(Higher Perspective) Imagine a world where pollution is a non-issue, cities are pristine, healthy environments to live in, and little to no entanglements from discarded trash injures wildlife or clogs the oceans. In Sweden, this is almost a reality, yet it’s causing a paradoxical predicament for the recycle-happy country that relies on waste to heat and provide electricity to hundreds of thousands of homes.
The Kingdom of Sweden, which holds a population of 9.5 million, relies partly on a growing waste-to-energy program. They convert all their garbage to energy to help bring heating and electricity to their citizens. Faced with a potential predicament, the Kingdom actually ran out of waste. Senior Advisor for the Sweden Environmental Protection Agency Catarina Ostlund talked about how Sweden doesn’t produce as much waste as it needs to produce energy saying, “We have more capacity than the production of waste in Sweden and this is usable for the incineration.” The Scandinavian stronghold then turned to Norway and other European nations for help.
Sweden is now importing more than 800,000 tons of waste from Europe annually to help fulfill their energy needs. This helps the rest of Europe, which frees up their landfills from waste produced by their citizens. Sweden particularly receives 80,000 tons of waste from Norway and receives money from them because it’s cheaper for Norway to give them money for the waste then to burn it on their own ground.
There have been concerns about the pollutants the waste puts out for Sweden to power up their citizens. Dioxins in the waste product are a danger to clean air. Ostlund addressed some of these concerns to ensure Sweden is taking the proper steps to keep their air clean. He explained how they landfill these dioxins in the ashes are placed in landfills and exported back to Norway.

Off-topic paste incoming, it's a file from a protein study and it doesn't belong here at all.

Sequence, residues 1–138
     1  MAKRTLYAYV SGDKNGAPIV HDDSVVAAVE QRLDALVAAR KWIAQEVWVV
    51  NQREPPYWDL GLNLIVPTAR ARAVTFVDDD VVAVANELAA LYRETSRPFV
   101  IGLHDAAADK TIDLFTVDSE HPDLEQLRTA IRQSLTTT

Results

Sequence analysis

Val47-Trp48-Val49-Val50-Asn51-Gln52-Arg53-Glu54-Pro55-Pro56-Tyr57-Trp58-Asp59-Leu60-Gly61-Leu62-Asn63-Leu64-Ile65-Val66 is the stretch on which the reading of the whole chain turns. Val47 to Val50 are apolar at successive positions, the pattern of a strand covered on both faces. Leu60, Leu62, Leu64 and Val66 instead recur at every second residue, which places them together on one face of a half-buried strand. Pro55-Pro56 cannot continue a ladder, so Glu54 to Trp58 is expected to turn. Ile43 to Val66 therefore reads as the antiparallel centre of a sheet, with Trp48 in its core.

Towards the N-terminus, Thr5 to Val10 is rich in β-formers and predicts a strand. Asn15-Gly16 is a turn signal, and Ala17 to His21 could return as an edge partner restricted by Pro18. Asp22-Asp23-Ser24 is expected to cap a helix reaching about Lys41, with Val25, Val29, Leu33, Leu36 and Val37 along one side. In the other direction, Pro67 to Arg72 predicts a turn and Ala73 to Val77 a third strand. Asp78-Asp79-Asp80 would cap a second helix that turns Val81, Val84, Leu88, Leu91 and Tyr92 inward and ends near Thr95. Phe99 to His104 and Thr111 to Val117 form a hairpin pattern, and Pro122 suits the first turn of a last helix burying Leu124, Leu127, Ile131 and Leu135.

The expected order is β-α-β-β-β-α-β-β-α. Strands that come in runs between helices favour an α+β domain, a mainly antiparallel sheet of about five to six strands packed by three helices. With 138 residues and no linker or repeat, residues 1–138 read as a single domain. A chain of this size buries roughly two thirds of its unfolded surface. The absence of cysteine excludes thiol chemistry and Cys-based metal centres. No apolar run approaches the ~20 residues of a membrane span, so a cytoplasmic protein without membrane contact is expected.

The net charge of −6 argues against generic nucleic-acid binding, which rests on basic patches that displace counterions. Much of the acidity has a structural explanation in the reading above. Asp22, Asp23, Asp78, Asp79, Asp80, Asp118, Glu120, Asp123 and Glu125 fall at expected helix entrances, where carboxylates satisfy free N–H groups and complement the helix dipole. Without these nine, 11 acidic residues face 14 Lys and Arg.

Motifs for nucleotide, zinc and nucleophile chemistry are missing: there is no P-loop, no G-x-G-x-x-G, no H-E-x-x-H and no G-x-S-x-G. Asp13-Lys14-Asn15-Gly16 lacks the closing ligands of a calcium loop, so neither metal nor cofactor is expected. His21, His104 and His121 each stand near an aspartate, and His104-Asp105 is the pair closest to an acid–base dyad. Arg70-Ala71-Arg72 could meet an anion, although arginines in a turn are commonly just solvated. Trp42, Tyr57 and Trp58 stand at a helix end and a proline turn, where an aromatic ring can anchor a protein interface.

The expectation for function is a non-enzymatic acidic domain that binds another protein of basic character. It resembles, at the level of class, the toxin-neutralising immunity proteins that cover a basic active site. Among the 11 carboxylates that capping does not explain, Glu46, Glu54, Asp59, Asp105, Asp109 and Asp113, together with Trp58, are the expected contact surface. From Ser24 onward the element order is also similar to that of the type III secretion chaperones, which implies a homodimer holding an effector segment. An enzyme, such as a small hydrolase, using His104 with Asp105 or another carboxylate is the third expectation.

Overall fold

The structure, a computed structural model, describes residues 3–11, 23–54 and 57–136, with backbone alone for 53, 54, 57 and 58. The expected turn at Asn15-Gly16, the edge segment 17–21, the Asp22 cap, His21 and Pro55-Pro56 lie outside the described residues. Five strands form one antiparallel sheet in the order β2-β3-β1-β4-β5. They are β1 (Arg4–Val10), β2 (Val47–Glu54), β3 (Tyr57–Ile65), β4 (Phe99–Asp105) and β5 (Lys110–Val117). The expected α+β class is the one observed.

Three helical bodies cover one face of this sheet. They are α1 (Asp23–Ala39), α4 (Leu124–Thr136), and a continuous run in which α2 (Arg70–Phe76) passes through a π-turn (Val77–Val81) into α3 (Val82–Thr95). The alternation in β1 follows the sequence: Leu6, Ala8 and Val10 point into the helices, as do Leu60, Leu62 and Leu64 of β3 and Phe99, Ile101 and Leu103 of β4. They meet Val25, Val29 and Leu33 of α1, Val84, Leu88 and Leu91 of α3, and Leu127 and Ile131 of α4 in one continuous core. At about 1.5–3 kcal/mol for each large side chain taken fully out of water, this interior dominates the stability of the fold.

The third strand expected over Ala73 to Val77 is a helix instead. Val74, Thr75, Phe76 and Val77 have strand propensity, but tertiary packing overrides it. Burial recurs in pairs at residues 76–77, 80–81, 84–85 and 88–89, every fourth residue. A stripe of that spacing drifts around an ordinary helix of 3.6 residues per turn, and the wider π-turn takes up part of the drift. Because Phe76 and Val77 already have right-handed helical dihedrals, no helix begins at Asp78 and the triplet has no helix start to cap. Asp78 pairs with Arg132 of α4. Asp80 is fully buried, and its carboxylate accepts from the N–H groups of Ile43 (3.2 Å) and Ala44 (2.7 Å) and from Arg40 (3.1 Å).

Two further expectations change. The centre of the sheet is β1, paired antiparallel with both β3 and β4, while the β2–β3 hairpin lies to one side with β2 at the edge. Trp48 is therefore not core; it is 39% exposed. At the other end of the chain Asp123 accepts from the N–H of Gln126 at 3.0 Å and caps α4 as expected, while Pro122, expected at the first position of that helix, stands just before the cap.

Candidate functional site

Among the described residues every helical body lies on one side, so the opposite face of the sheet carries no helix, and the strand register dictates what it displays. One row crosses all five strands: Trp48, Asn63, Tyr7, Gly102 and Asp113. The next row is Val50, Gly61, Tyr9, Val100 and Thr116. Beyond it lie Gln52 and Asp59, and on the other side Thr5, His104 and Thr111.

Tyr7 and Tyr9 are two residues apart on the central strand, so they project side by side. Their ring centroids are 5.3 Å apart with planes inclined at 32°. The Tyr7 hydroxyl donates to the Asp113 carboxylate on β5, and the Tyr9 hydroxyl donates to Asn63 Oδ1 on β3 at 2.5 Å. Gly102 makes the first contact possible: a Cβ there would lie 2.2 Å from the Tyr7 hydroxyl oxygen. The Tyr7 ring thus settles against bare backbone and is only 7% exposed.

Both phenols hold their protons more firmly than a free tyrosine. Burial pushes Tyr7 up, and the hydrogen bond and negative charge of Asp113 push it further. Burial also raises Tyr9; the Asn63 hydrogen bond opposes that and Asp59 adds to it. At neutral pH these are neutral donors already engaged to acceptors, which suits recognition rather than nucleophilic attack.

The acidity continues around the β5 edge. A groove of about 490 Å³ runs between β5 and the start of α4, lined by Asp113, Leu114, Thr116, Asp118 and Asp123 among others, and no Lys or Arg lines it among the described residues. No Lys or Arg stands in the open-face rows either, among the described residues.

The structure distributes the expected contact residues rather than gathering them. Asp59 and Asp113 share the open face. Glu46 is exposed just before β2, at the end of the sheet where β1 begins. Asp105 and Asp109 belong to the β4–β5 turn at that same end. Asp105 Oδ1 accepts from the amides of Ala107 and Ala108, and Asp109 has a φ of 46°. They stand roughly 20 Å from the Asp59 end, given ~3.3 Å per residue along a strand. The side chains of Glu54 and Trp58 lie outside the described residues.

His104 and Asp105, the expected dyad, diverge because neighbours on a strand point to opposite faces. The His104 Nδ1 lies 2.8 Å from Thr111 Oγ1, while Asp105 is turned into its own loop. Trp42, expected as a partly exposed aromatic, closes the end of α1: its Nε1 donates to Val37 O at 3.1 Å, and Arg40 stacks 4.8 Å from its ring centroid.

The Sweden EPA is quite proud of their program going on there. Four percent of Swedish waste only goes to landfills. 20 percent of the homes in Sweden are heated and over a quarter of a million homes have electricity through the waste program. Ostlund said their energy plants work more efficiently as a result of the waste used in it. Ostlund stated, “So that’s why we have the world’s best incineration plants concerning energy efficiency. But I would say maybe in the future, this waste maybe valued even more so maybe you can sell your waste because there will be a shortage of resources in the world.”
Sweden hopes this policy can be become a model for the rest of Europe as an encouragement to keep waste off landfills. Ostlund said, “I hope that we instead get waste from Italy or from Romania or Bulgaria or the Baltic countries because they landfill a lot in these countries. They don’t have any incineration plants or recycling plants, so they need to find a solution for their waste.”
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